"It's been hard on our residents, so for them just to see them from a distance has been great."
Breeden said the center reached out to their residents' families the week prior about the parade.
"And it came together really fast, and it was such a big turnout," she said. "Everybody's happy, the residents were really happy to see their families. It was just so amazing to see it all come together."
The parade route began at Turcotte-Piper Funeral Home, located just across the street from the rehabilitation center.
From there, Kleberg County Sheriff's deputies, along with county constables, led dozens of vehicles into the Lone Star Ranch Rehabilitation parking lot where elderly residents waited with signs and decorations of their own.
Breeden said they might hold another parade in the future, depending on how long the COVID-19 pandemic continues.
"Just so our residents can see their families again," she said.
"We've been doing the best that we can with families coming to the window and (online video chats with) Face-Time. But you can't beat seeing each other in person."
The Lone Star Ranch Rehabilitation and Healthcare Center, formerly known as Kleberg County Nursing and Rehabilitation, is located at 316 Gen. Cavazos Blvd. in Kingsville. The business changed ownership in March.
In a 5-2 split, the Riviera Independent School District approved the creation of a second assistant principal position to serve at all three of the district's campuses beginning in the 2020-21 school year.
Superintendent Karen Unterbrink presented the new position to the board during Monday evening's regular meeting. Unterbrink said the additional assistant principal was needed as the district was anticipating "gaps in student learning" because of the lost classroom time during the COVID-19 pandemic.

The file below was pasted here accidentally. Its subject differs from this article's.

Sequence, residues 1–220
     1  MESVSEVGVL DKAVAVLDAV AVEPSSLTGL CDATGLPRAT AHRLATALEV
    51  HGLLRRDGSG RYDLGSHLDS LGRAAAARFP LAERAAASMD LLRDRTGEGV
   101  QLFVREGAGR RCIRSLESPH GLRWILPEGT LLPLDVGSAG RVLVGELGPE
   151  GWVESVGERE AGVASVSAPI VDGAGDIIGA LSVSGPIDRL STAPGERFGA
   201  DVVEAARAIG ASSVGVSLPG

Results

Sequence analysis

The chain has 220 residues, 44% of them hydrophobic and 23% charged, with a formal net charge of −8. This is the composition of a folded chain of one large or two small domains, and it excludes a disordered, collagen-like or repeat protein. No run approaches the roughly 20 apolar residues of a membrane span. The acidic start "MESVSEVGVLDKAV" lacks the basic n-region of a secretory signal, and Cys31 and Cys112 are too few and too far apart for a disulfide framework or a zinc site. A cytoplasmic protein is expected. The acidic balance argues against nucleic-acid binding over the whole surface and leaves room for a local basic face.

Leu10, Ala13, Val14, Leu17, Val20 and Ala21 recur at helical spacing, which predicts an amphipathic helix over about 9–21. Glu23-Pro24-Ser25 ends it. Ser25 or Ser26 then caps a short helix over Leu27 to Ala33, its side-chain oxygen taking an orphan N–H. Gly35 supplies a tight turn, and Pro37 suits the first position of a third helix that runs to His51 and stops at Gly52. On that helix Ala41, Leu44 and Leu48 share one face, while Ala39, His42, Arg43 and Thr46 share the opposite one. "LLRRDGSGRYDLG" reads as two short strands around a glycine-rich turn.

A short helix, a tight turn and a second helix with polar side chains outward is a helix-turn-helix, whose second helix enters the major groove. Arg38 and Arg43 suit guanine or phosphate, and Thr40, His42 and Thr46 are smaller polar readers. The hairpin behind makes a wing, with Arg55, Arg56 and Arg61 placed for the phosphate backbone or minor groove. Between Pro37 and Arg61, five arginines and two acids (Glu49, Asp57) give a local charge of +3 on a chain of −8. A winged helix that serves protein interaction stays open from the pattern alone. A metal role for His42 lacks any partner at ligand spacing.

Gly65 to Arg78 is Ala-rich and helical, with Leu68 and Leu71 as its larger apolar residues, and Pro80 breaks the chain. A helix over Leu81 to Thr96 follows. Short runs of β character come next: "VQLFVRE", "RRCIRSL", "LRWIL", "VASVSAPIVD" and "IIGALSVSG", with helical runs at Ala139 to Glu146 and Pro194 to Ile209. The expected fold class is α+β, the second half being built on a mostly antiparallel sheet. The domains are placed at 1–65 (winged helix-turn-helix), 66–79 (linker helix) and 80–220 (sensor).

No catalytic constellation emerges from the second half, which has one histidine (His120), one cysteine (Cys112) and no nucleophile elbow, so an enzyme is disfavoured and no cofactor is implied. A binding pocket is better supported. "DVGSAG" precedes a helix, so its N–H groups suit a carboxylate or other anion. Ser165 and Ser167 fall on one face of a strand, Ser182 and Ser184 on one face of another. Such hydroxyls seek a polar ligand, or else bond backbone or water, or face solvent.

She said next school year could possibly be a mix of in-school instruction and remote learning, and another assistant principal would be beneficial in helping to "accelerate our instruction."
"We are going to need all hands on deck and then some," Unterbrink said.
Unterbrink said the new position would serve at all of the district's campuses, which include Nanny Elementary School, De La Paz Middle School and Kaufer High School. The district's current assistant principal, Diana Guerre ro-Pena, serves all three campuses as well.
The superintendent said while the current assistant principal's duties are mainly focused on discipline and attendance, the new position would be focused on instructional support, program evaluations and providing professional development.
Unterbrink said district was taking a "proactive approach" to the position, and told the board that if they waited too long then the applicant pool would be "very small." She also said while adding the position "is definitely something that we can do," it would require some tweaking such as no longer hiring two of their education consultants that the district has hired on a regular basis in the past.
In addition, Unterbrink said she could say the position would be sustainable given the current circumstances, and if there are additional cuts to school funding at the state level because of the pandemic, she might not recommend an applicant to the board.
Prior to the vote, trustee Teresa May brought up her concern about the district's administra
tor-to-student and teacher-to-student ratios.
Finance director Jose Betancourt said those ratios are calculated as part of the annual Financial Integrity Rating System of Texas, or FIRST rating. He said Riviera ISD has been within the recommended ratio for the past nine years.
"They're right in the middle," Betancourt said.